The Battle of Happrew was a small skirmish during the First War of Scottish Independence. It saw the English forces occupying Scotland try to locate and capture two prominent leaders of the Scottish resistance, Sir William Wallace and Sir Simon Fraser. Although the English commander, the Baron of Segrave, ultimately failed to detain the two rebels, the raid at Happrew is still known as one of the last actions fought by the legendary William Wallace.

Background and Figures Involved

In the 1290s, the relations between England and Scotland quickly deteriorated to the point of open armed conflict after a period of relative stability during the reign of Alexander III of Scotland (1249-86), largely thanks to the endless ambitions of King Edward I of England. In 1296, Edward invaded Scotland without warning, capturing large swathes of the country and forcing hundreds of Scottish nobles to pledge allegiance to his authority. Next year, however, all of his gains were rapidly reversed after the remarkable Scottish victory at the Battle of Stirling Bridge. This victory lifted William Wallace, a member of the lower nobility, to the status of Protector of Scotland, effectively acting as the regent for King John Balliol (who had been captured by Edward). In 1298, however, Wallace was humiliated in a crushing defeat at Falkirk, after which he resigned from his post. Wallace would resurface as a guerrilla resistance leader after much of Scotland was captured for the second time by Edward in 1303.

The second Scottish figure involved in the action at Happrew was Sir Simon Fraser. Like the bulk of Scottish higher nobility, Fraser was captured by Edward at Dunbar in 1296 and remained in the service of the English king for about five years. He even fought alongside Edward to defeat William Wallace at the Battle of Falkirk. Shortly after being restored to his lands and titles, however, Fraser changed sides and firmly joined the Scottish cause in 1301. In 1303, he defeated the Baron of Segrave in a series of skirmishes, as we shall see.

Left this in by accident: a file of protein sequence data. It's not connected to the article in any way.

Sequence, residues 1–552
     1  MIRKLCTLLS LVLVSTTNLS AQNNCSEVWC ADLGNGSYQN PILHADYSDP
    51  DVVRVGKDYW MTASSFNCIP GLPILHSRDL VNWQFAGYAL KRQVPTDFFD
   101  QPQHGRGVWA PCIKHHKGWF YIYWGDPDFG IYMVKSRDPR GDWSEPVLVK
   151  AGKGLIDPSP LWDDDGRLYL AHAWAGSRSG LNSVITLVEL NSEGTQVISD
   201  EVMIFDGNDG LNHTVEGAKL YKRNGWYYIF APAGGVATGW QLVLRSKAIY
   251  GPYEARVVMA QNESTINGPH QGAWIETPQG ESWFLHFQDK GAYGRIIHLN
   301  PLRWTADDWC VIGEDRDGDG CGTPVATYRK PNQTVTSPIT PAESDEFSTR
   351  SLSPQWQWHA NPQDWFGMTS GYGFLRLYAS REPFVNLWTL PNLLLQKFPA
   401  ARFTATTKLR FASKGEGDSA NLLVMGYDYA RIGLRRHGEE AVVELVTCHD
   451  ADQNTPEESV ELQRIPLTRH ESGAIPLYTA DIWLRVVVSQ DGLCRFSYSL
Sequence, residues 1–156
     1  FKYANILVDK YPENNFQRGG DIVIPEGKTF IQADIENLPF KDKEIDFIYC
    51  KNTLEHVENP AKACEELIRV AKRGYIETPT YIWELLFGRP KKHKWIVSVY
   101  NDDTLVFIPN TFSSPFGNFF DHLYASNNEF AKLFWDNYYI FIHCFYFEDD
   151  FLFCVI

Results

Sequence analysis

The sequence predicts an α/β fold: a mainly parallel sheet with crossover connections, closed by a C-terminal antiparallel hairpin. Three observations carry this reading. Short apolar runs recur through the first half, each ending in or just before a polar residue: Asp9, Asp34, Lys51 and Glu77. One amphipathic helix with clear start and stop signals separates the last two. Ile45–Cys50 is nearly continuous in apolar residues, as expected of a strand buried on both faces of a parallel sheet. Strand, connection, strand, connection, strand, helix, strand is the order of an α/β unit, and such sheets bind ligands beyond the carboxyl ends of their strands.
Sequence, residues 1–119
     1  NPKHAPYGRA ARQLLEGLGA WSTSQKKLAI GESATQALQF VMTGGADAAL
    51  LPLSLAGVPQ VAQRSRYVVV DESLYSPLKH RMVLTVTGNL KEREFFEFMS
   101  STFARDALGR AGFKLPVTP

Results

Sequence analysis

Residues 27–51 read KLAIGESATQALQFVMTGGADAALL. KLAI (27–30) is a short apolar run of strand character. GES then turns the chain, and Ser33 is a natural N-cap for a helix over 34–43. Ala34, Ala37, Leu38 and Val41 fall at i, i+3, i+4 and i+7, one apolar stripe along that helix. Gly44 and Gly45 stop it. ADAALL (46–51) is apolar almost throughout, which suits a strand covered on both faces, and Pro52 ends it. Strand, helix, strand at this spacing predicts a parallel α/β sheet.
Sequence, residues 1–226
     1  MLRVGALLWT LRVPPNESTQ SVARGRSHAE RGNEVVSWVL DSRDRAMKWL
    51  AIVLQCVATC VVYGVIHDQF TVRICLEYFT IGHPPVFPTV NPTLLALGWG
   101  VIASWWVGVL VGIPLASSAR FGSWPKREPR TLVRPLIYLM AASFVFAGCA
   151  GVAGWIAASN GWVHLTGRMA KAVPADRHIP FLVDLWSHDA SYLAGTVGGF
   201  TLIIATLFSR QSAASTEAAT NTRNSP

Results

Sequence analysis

On the other side of the forces which met at Happrew was Sir John, 2nd Baron Segrave. After being appointed to Berwick Castle in August 1302, Segrave personally led a large raiding party in early-spring 1303. The resulting series of small encounters, known as the Battle of Roslin, saw Segrave not only being defeated, but also briefly captured by the Scottish troops under Sir Simon Fraser.

Battle of Happrew

Almost precisely one year after his defeat at Roslin, Segrave got another opportunity to avenge the disgrace when he received reports of the presence of a considerable Scottish force at Happrew, near the modern town of Peebles, about 35 kilometres south of Edinburgh. When Segrave arrived with a large army, he found out that the Scottish army was actually commanded by his old nemesis, Sir Simon Fraser and the notorious William Wallace. It is almost certain that Segrave’s forces seriously outnumbered the Scots and therefore, were able to quickly overcome the resistance. Unfortunate for Segrave, however, both Fraser and Wallace managed to flee the action in time. This action at Happrew took place on or around the 20th of February, 1304, and partly helped restore the self-esteem of Sir John Segrave.

Moreover, even though the Scottish leaders managed to escape, their days were numbered nevertheless. The only notable action in which Wallace fought after Happrew was the Battle of Earnside in September of the same year, before being captured and executed for treason in the summer of 1305. Similarly, Fraser surrendered himself only a few months after the dispersal of his forces at Happrew, and was allowed to join the English army ranks. Incredibly, Fraser again betrayed Edward I in March 1306, but was similarly captured and executed in September 1306.

Segrave’s revenge was finally complete.

Image: The River Tweed with the spire of Peebles Old Parish Church in the background

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